The present invention is directed to protecting media packet processors from rogue or malicious data packet flows. According to the present invention, feedback obtained from components of a media packet processor having information regarding media stream flows is used to adjust a counter or token bucket controlling the admission of such flows. More specifically, feedback is used to adjust a counter value such that the count value is decremented, or the operation of the counter in incrementing the count value according to a periodic schedule is suppressed, if a dropped packet is detected. Accordingly, the present invention may utilize the predictable quality of media stream flows, and information from components such as jitter buffers and CODECs, in order to tailor bounds on the flow of ingress traffic to a media packet processor.

Description

CROSS-REFERENCE TO RELATED APPLICATION

This application claims the benefit of U.S. Provisional Application No. 60/558,473, filed Mar. 31, 2004, the entire disclosure of which is hereby incorporated herein by reference.

FIELD OF THE INVENTION

The present invention is directed to controlling access to open channel media ports. In particular, the present invention is directed to a mechanism for controlling access to an open media port that receives feedback regarding the state of a data flow.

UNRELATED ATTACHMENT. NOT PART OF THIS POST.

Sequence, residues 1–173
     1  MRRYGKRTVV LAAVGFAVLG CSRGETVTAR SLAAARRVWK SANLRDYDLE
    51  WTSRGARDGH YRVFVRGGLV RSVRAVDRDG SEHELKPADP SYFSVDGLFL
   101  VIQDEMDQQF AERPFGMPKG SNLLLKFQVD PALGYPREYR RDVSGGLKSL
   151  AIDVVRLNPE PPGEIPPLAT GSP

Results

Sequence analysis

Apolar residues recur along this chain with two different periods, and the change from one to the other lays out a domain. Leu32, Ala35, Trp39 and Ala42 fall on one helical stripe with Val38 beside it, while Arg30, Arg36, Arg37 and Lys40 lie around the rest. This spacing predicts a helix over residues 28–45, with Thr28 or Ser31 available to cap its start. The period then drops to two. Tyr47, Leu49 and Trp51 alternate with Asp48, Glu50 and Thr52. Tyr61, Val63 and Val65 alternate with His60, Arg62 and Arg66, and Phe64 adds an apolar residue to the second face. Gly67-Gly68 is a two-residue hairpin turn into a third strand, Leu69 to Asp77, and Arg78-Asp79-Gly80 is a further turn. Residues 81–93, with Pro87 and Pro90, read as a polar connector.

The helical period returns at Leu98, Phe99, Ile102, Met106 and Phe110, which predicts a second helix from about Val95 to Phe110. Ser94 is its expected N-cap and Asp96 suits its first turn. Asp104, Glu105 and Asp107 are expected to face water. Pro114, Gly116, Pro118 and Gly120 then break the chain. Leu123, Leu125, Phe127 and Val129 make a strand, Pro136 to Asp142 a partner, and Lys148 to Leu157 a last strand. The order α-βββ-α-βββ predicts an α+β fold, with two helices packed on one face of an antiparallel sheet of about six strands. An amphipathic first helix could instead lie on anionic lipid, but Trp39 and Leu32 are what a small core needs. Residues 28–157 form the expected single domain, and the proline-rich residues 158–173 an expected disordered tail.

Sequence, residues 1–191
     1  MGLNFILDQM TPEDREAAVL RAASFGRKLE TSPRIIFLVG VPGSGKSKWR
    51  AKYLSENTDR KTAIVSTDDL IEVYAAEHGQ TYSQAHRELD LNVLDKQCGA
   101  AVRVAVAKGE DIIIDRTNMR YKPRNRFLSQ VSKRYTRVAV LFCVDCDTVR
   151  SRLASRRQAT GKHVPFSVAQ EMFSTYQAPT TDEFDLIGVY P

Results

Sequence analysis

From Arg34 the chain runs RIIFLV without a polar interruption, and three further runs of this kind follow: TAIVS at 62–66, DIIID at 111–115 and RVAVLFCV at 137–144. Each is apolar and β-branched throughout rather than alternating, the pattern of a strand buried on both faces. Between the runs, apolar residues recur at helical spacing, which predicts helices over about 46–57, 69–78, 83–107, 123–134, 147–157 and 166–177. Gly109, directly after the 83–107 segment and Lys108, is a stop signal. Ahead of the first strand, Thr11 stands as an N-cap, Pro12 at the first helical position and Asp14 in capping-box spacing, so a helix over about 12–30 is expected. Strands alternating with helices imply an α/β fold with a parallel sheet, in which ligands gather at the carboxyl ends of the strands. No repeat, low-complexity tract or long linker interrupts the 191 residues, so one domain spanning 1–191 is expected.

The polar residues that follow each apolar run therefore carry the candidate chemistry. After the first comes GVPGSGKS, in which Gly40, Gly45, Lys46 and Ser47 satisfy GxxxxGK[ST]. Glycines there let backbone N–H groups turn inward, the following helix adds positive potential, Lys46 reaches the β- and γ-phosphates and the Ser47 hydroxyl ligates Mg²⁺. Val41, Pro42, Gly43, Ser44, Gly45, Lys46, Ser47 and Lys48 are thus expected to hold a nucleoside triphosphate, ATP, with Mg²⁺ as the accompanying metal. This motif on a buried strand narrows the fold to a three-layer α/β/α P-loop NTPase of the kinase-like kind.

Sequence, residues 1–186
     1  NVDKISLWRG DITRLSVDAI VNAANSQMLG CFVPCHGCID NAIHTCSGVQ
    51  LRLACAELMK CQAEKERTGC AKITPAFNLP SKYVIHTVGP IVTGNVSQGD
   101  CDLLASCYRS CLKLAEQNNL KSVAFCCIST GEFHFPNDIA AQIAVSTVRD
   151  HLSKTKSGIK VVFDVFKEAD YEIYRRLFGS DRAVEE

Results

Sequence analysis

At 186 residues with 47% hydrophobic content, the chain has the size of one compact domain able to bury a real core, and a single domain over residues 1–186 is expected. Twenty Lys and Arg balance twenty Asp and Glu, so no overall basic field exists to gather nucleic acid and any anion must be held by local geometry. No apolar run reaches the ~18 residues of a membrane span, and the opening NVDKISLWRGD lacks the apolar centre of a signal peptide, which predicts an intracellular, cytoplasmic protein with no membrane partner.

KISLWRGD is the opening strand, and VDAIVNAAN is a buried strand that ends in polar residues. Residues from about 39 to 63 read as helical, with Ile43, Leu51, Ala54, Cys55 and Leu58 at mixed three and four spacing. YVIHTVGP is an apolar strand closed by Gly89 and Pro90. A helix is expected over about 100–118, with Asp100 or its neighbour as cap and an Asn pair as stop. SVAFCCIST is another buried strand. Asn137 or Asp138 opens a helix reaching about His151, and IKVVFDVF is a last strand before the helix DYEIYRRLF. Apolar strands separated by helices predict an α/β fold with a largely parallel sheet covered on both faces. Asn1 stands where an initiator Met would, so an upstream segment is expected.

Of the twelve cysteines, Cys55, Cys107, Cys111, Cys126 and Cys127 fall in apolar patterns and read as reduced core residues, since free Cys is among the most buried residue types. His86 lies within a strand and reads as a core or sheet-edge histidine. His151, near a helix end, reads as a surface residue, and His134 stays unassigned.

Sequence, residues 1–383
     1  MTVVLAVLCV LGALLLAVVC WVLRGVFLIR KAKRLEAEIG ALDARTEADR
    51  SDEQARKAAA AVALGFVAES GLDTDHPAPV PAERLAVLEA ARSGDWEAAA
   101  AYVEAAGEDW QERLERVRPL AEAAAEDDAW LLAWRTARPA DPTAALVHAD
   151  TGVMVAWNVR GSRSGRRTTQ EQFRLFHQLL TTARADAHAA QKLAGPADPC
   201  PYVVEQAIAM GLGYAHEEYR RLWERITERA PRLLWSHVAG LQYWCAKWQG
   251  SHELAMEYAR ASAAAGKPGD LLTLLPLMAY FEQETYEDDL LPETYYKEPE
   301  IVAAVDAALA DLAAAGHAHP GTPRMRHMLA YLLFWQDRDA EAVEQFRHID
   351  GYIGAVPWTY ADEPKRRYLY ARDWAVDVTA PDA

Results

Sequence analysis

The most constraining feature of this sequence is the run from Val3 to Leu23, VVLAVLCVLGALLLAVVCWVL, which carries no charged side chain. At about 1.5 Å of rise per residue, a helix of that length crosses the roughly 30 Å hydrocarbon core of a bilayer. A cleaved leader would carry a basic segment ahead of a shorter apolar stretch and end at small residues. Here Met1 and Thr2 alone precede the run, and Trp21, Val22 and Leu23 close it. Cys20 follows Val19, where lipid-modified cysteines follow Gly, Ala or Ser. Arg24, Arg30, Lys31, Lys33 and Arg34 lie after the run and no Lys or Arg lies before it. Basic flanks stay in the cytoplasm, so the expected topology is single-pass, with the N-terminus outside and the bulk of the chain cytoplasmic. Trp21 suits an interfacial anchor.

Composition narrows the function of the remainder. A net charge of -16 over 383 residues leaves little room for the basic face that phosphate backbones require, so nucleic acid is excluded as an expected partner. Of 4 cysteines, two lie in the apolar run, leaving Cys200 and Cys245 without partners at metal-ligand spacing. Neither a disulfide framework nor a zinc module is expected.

BACKGROUND OF THE INVENTION

Media packet processors such as voice over Internet protocol (VoIP) gateways, T.38 fax gateways and VoIP conference bridges are vulnerable to denial of service attacks on user datagram protocol (UDP) ports open for active channels. In particular, since these ports are “open,” packets arriving on them are accepted, even if they are not actually part of an authorized media stream. Accordingly, rogue or malicious data packets can affect resources common to all open channels associated with a media packet processor, even if the rogue or malicious packets are received on only one of the open channels. As a result, the common resources, for example network interface buffers, bus bandwidth for access to another resource, or processing resources associated with a digital signal processor (DSP) farm can become partially or entirely consumed by the rogue or malicious data packet flow. Rogue flow may include data packets produced by a malfunctioning device, such as an insane VoIP endpoint. An example of a malicious data packet flow is a denial of service attack against a network resource.